If you work with Apple devices and you're a Go programmer, or are thinking about learning Go, we just got some new powers that are pretty cool. Today I'm releasing an alpha of macdriver, an Objective-C bridge for Go with bindings to common Mac APIs.
Those that were paying attention to my last post about Large Type in 80 lines of Go might have already found macdriver. The largetype program is one of the example projects for macdriver.
Another example in the macdriver repo is this little menu bar extra (aka systray or status icon) that gives you a Pomodoro timer. This little program is also less than 80 lines of Go using macdriver.
Lastly, if you've been playing with the Go 1.16 beta, or can wait for its imminent release, there is also an example that gives you a full screen webview with a transparent background, letting you draw overlays and such on your screen using web tech. Twitch streamers might be into that one. Pretty cool, yea?
The motivation for macdriver was just making applications in Go that use Mac system APIs like Cocoa for making GUI apps. That said, most of my work now uses web tech for user interfaces, a la Electron.
Last year I started an alternative Electron stack in Go using the webview project, which uses your platform's native browser engine and makes a window with a webview. While absolutely simple and cross platform, the project has not been prioritizing any platform specific functionality.
On top of this, if you want to also make a little menu applet like the Pomodoro timer in the same program (not... uncommon), you can find another standalone cross platform Go library for systray stuff, but these one-off libraries often suffer from being incomplete APIs. More importantly they are not composable! You can't use the systray library with the webview library because they both presume to own the main Cocoa thread.
So as usual, I was frustrated there wasn't a broader thought out, more general solution. What do I do if I wanted to use some other Mac API? Wait for another incomplete, non-composable project? No, we build our own future here.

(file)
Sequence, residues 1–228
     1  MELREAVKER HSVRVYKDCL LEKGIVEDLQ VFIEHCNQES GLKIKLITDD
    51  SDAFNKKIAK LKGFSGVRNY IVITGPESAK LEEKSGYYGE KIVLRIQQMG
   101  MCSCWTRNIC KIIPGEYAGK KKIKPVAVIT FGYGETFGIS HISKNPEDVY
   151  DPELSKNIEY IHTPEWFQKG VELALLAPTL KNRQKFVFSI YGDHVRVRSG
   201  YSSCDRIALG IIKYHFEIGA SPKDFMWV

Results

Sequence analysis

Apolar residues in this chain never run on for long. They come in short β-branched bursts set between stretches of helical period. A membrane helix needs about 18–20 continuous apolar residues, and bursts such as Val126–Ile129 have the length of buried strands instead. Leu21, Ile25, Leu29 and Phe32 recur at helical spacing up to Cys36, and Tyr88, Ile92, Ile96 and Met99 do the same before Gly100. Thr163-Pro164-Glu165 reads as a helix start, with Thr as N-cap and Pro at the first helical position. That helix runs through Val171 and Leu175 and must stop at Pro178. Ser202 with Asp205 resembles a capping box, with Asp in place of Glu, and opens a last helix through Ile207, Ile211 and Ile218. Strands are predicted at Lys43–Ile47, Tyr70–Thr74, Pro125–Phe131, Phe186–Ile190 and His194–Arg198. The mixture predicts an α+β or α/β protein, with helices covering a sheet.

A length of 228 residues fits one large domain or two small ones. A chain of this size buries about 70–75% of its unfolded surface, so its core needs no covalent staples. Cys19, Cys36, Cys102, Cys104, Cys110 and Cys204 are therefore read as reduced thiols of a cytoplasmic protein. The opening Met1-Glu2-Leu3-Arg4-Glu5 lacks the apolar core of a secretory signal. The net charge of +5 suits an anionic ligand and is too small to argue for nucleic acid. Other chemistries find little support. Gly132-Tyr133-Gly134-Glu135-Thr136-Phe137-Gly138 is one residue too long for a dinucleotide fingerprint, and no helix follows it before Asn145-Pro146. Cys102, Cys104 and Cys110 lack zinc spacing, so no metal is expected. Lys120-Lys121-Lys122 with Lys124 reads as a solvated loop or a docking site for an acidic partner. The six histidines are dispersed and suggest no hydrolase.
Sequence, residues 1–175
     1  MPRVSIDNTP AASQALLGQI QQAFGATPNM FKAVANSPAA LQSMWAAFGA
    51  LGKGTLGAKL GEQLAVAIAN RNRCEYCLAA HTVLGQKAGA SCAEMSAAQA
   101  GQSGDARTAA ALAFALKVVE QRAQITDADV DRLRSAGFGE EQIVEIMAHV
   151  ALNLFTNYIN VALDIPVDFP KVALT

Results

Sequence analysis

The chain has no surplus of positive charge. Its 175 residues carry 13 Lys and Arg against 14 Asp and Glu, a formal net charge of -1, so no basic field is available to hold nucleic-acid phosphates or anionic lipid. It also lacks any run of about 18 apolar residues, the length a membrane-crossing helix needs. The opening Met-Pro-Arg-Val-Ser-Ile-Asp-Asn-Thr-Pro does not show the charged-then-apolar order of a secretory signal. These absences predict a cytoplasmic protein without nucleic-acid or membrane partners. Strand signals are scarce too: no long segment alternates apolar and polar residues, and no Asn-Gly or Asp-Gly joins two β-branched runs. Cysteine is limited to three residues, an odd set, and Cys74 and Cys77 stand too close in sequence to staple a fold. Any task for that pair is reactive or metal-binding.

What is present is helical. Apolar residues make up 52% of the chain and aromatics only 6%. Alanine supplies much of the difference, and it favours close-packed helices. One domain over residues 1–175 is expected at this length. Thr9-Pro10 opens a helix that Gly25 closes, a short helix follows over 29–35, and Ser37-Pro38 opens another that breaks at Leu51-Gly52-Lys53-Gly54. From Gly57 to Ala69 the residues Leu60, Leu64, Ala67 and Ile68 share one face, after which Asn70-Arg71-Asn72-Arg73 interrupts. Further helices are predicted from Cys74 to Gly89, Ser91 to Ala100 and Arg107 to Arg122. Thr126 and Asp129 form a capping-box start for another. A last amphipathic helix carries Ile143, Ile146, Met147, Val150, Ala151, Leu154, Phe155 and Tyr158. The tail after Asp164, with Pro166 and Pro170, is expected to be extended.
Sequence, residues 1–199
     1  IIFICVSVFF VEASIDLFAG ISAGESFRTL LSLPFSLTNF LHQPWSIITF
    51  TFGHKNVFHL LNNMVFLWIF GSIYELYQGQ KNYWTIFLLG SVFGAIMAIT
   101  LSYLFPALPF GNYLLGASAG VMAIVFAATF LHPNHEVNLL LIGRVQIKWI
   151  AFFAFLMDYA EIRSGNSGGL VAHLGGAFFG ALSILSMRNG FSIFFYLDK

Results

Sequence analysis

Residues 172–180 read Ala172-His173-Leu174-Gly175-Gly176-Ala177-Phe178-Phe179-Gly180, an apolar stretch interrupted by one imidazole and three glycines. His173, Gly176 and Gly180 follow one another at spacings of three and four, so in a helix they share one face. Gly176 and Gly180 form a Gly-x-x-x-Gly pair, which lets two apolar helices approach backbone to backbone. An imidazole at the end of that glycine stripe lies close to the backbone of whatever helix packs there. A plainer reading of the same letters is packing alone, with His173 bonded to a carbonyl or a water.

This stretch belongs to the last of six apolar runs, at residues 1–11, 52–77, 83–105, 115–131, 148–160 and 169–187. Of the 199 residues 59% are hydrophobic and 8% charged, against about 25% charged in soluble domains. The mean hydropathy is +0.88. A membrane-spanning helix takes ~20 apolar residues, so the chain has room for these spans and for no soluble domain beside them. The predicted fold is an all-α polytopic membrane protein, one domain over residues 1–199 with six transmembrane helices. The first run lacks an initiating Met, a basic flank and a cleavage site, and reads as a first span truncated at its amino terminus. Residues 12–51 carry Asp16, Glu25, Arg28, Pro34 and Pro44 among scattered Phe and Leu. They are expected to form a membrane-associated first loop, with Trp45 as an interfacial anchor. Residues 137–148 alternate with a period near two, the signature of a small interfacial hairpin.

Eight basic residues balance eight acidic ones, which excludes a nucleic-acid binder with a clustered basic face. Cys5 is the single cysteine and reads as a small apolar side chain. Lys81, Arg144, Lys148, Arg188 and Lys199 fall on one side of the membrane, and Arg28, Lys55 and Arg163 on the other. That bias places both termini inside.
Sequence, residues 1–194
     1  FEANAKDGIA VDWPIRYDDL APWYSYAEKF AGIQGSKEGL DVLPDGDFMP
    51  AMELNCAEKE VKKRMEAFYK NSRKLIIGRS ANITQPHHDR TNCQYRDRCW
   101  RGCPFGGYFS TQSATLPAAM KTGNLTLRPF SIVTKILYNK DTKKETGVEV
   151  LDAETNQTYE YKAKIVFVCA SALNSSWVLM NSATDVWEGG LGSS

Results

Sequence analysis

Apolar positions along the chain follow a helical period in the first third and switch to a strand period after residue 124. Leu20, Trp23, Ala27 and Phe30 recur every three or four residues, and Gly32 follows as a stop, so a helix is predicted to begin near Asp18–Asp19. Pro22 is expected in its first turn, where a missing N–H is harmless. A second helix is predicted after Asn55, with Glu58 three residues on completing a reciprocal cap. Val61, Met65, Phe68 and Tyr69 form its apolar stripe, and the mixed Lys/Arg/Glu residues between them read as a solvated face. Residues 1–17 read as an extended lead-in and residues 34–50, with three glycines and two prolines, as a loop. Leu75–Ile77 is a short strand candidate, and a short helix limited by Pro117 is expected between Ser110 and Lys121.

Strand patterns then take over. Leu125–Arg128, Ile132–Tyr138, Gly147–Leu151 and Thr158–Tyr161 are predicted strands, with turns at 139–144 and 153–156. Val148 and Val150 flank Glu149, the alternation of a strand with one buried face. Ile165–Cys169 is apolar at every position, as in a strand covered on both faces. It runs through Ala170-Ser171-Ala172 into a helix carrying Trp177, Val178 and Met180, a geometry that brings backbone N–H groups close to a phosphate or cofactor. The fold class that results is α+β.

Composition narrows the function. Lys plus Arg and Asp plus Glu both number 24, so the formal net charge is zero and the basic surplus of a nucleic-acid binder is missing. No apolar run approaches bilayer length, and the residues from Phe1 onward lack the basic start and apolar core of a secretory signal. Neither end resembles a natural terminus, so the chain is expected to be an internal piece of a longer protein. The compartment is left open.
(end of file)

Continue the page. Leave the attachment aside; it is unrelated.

I've actually been working on this (and so many other things) for a few years. I even found an Objective-C bridge for Go by a Danish fellow named Mikkel from 2013, except... it didn't work.
This whole thing should be straightforward. The Objective-C runtime is actually a C library called libobjc. So in theory you should be able to use cgo to call libobjc and work with Objective-C objects from Go like any other C library.
Unfortunately, the method calling functions in libobjc, to be generic to any method call, are variadic (takes arbitrary number of arguments). Cgo doesn't support variadic function calls! So Mikkel did an assembly hack to make nearly any variadic C function callable. Amazing! But since 2013, changes to the Go runtime broke this and he had long since moved on to other projects.
With some determination I got the variadic hack working again. I even forgot I posted about this on dev.to in 2018. There were still more things to figure out, but I shelved it until early last year when I needed to solve this webview and systray composability problem. I brought in the abandoned objc bridge package, the variadic package I fixed, and started making native Go wrappers for some of the more common Mac APIs. The result was macdriver!
Now you can make fast, machine native binaries in Go that do Mac things. And I don't just mean make MacOS apps. There are a lot of APIs that just open up new possibilities. For example, I'm excited to use the Core ML APIs for working with the Neural Engine on the new M1 devices.
Another benefit is just being able to quickly make Mac apps using the Go build toolchain. No more Xcode! Just
I'm excited to see what people do with macdriver. There's lots more information on using it in the README, but I am still working on docs. At this point it should mostly be self explanatory, but feel free to ask questions in the forum.
If you're interested in exploring new possibilities with me, I've been meaning to try using macdriver for an Apple Watch app. There was an iOS proof of concept in the original bridge package by Mikkel, but I haven't tried it. Assuming it works (which may involve Xcode or other developer tools), it seems plausible it would also work for the Apple Watch or even... the Apple TV.
Thanks for reading, have fun, and consider sponsoring my work!